• 18
    @nick012000 - "health care" in the 19th century wasn't exactly great shakes no matter who you were.
    – T.E.D.
    May 17, 2019 at 13:52
  • 4
    @DavidRicherby I suspect that the phrase "wilfully and maliciously killed a slave" probably also meant something very different to someone on a jury in North Carolina in the late 18th / early 19th centuries than it does to most people almost anywhere today. It can be a mistake to assume that words and phrases have kept the same meanings over time. May 17, 2019 at 14:01

As sempaiscuba has said, it was illegal to kill a slave in the slave-holding states of the United States. Premeditated murder of a slave has always been illegal in the slave-holding states.

However, it was not until December 20th, 1821 that all of the slave-holding states held that the first degree murder of a slave was a capital offense.

Slave law has a long history. Different states had different laws at different times. Massachusetts was the first colony to authorize slavery through enacted law in the 1641 Massachusetts Body of Liberties. Section 91 related to slavery.

There shall never be any bond slaverie villinage or Captivitie amongst us, unles it be lawfull Captives taken in just warres, and such strangers as willingly belie themselves or are sold to us. And these shall have all the liberties and Christian usages which the law of god established in Israell concerning such persons doeth morally require. This exempts none from servitude who shall be Judged thereto by Authoritie.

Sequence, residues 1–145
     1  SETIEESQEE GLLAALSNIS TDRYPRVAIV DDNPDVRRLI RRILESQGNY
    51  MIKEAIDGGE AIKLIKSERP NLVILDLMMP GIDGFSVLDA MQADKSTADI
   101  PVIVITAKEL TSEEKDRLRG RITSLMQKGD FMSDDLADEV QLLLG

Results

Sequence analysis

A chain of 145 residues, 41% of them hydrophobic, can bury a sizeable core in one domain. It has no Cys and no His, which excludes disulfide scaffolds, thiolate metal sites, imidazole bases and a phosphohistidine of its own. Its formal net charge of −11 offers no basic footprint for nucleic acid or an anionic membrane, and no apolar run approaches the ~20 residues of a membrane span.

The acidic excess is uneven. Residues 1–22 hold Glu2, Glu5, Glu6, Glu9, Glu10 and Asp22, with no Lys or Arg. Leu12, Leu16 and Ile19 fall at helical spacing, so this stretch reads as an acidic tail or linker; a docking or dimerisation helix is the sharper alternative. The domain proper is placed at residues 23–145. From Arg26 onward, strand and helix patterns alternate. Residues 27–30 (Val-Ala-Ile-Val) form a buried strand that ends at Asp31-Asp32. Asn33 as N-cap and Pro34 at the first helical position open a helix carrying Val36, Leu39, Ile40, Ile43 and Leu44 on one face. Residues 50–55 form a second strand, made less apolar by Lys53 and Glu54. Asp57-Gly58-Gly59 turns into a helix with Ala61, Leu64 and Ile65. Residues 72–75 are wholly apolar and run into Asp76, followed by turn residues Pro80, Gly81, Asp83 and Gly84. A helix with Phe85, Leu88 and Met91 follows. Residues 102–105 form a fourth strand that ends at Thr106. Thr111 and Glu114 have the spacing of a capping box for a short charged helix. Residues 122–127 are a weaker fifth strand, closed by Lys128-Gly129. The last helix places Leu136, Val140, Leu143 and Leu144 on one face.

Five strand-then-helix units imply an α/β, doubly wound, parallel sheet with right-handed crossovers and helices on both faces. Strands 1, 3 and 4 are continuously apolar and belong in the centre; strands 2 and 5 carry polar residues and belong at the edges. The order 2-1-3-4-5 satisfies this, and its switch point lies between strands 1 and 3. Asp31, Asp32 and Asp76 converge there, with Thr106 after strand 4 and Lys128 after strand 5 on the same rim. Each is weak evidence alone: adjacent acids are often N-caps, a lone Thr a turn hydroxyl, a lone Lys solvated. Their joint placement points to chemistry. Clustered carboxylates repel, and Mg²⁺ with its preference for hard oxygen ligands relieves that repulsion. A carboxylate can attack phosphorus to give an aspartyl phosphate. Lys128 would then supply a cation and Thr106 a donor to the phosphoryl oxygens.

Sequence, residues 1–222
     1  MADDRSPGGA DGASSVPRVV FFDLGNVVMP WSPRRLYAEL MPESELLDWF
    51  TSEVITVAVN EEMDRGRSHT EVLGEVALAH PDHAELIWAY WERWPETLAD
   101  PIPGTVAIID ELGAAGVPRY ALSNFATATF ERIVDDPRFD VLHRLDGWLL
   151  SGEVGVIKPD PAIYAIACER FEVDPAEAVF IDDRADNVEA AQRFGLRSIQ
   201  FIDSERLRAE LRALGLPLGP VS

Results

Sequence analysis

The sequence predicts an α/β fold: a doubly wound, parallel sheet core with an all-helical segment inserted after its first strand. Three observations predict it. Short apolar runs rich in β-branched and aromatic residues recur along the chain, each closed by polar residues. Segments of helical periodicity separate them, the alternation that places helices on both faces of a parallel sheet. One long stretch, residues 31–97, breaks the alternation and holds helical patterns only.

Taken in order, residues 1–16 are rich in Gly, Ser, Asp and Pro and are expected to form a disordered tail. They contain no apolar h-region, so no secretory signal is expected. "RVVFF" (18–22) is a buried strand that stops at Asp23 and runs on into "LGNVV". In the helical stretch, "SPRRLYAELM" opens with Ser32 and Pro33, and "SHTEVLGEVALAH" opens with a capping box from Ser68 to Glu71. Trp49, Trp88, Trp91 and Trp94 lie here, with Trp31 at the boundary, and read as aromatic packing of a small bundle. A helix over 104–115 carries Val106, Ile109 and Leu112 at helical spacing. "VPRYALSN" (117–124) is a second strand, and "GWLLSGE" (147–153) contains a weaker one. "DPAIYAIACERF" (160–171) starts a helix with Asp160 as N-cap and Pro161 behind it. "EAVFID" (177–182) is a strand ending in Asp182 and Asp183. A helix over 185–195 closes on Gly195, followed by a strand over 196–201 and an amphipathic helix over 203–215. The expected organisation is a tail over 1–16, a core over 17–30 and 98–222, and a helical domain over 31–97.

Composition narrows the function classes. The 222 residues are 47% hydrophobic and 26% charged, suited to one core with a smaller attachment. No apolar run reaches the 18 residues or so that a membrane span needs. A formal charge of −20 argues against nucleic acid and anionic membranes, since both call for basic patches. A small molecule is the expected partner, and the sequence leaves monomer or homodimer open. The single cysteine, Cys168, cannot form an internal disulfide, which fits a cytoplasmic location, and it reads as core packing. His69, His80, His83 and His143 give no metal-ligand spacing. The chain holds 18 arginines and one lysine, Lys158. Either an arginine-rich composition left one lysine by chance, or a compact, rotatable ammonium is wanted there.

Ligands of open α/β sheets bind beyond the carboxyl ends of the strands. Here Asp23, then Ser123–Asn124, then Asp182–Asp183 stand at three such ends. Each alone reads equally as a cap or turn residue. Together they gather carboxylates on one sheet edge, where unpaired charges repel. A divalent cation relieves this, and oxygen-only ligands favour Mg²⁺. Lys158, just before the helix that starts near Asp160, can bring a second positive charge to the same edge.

At this time in Massachusetts slaves had some rights. A study of what "all liberties and Christian usages which the law of god established in Israell concerning such persons" means will have to be taken up in a different question.

As time went on the number of slaves in the United States grew and laws restricting the rights of slaves were put in effect. By 1691 in Virginia

slaves are denied the right to a jury trial for capital offenses. https://www.history.org/history/teaching/slavelaw.cfm

In 1856 George Stroud noted: